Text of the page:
Flag Football Bunch Formation Creates Problems
Sometimes it’s surprising how much the game of football stays consistent, regardless of the age of your players. Take man coverage for instance. If you are an offensive coach and you are getting a heavy dose of man you should be dialing up crossing routes. One of the best ways to do that? Calling them from your flag football bunch formation of course.
The rubs or picks that are created with crossing routes give defenses who major in man coverage fits. This especially true if they don’t know how to fight through the rubs. Most flag football defenses don’t know how to zone off crossing routes either.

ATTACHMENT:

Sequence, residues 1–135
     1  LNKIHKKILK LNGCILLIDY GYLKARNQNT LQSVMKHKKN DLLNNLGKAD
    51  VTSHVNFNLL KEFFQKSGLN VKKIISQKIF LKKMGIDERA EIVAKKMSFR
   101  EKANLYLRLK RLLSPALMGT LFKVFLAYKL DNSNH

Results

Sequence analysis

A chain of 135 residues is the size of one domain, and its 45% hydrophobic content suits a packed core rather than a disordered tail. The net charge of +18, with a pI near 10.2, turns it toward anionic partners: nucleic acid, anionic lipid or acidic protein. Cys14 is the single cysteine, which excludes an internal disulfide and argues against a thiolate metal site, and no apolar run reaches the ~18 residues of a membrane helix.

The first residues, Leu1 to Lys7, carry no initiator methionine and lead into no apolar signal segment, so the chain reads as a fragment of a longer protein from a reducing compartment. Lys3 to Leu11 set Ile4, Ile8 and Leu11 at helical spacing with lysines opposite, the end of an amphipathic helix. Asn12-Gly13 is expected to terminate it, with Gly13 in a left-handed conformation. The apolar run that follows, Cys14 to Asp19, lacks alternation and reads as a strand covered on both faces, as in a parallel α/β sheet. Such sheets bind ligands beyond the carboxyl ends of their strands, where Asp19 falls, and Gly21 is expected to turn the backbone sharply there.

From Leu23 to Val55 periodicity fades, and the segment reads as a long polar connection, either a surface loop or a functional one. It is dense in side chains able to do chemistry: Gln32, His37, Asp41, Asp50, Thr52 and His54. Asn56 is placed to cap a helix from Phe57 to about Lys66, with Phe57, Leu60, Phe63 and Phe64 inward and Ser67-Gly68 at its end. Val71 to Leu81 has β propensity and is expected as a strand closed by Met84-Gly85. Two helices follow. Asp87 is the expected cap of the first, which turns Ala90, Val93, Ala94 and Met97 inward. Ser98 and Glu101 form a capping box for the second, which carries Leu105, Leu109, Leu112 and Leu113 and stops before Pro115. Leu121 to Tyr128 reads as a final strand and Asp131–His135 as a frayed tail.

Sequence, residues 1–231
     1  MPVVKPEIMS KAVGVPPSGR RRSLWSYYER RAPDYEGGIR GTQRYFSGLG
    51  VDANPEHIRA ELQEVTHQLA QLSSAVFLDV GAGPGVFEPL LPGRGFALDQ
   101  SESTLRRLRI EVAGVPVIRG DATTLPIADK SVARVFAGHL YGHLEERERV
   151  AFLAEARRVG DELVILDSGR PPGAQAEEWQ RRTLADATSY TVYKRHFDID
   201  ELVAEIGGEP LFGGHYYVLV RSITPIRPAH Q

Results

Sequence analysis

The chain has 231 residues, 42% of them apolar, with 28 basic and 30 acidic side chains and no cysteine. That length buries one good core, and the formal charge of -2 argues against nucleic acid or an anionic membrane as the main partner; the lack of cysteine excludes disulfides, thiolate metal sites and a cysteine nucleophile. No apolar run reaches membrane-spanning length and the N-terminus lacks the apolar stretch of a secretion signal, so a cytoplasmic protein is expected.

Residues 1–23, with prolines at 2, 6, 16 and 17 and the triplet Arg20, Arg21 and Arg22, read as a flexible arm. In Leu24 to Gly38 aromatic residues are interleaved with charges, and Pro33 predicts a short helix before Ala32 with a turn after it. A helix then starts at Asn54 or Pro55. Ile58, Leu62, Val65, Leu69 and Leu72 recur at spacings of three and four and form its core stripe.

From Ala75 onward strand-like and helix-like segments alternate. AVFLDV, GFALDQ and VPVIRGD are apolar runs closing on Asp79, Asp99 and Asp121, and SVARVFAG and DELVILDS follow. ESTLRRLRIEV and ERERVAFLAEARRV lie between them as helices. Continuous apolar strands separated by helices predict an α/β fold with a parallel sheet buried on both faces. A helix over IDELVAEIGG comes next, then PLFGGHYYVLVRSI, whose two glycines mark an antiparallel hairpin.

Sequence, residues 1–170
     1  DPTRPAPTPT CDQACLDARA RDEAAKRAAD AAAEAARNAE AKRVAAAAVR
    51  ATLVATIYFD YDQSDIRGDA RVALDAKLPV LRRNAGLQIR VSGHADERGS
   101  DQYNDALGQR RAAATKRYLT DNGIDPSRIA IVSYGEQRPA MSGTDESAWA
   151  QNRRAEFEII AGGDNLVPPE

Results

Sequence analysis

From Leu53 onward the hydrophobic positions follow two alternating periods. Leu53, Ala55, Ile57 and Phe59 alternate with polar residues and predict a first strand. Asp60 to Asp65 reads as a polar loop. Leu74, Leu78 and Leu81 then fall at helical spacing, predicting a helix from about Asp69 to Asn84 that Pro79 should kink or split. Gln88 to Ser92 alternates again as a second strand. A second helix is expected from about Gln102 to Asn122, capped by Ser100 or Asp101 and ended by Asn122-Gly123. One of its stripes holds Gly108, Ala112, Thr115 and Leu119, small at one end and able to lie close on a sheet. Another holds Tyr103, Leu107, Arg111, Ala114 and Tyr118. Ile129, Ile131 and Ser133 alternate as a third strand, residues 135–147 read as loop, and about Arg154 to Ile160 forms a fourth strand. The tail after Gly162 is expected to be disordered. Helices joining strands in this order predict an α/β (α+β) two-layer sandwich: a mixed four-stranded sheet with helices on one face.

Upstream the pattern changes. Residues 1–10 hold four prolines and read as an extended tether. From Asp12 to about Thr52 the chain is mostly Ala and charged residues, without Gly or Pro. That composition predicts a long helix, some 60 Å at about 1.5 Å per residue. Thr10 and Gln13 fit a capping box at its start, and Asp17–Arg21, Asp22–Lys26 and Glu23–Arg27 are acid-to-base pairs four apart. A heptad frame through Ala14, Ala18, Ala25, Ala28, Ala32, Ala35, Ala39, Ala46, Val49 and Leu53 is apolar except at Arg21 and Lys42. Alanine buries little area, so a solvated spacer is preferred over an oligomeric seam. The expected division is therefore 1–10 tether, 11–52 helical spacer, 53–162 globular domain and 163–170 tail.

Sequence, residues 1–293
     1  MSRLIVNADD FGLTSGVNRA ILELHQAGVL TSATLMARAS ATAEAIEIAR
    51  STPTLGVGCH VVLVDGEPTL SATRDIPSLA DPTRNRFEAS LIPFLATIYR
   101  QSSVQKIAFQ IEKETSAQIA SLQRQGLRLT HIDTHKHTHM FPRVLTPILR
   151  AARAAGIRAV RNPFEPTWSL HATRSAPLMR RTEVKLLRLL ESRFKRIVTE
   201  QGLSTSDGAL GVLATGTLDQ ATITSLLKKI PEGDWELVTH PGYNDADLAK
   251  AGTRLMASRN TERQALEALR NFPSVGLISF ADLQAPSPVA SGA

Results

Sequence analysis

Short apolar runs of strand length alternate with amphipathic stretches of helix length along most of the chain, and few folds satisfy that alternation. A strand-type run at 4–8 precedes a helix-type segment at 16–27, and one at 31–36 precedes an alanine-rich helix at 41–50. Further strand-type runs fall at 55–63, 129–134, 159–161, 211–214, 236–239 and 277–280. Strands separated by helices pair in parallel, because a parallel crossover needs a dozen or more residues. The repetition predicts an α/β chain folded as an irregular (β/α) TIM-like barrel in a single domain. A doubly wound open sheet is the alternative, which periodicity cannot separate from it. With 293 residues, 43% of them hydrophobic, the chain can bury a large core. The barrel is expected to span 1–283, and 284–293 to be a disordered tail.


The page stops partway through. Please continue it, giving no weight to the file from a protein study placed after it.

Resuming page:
Related:This Green Bay Packers Play Needs To Be In Your Flag Football Playbook
Flag football bunch formations are one of the first to be used by any experienced play caller vs man coverage. If you are a youth flag football coach, your mind should head the same direction. In fact, as a flag coach you should be even quicker to get to bunch formations.
Here’s why. When you coach flag football your center is eligible. You still have a bunch formation that is created without your snapper. However, you can also create a bunch set with your snapper as the middle player in the bunch.
Check Out 8 Flag Football Formations Suggested By NFL Coaches
This allows you to create similar rubs and picks that you get with an extended flag football bunch formation. Here at FirstDown PlayBook we like this because it also gets your center involved with the passing game more. The center is an oft neglected target in flag football.
Today’s short video takes you through one of your 5v5 flag football bunch formation plays. This play is from an extended bunch. We detail how you can spring one of your flag football players open for a very short completable pass this weekend!